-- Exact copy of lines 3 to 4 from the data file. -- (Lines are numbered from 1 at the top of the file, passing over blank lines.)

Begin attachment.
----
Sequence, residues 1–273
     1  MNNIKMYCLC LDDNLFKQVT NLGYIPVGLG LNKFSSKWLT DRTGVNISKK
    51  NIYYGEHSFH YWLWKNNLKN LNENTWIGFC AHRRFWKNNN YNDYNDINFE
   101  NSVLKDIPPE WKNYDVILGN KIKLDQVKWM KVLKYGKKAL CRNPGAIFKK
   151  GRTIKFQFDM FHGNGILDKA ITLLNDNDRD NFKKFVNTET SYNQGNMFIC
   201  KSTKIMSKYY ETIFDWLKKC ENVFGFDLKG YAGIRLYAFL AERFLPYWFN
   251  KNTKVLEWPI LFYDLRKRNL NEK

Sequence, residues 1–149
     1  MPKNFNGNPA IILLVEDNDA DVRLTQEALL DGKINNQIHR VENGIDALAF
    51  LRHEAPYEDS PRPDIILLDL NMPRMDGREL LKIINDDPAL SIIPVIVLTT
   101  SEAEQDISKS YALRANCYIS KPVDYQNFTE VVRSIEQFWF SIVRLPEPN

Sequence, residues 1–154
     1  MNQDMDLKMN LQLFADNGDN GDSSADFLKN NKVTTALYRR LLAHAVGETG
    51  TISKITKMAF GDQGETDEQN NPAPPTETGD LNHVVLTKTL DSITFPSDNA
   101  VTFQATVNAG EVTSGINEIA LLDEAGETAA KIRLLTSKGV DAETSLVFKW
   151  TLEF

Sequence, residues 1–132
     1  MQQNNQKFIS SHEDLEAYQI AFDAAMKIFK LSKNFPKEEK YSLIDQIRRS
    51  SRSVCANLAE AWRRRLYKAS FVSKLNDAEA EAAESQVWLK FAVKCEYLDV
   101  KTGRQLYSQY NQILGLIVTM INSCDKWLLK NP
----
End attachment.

    51  NIYYGEHSFH YWLWKNNLKN LNENTWIGFC AHRRFWKNNN YNDYNDINFE
   101  NSVLKDIPPE WKNYDVILGN KIKLDQVKWM KVLKYGKKAL CRNPGAIFKK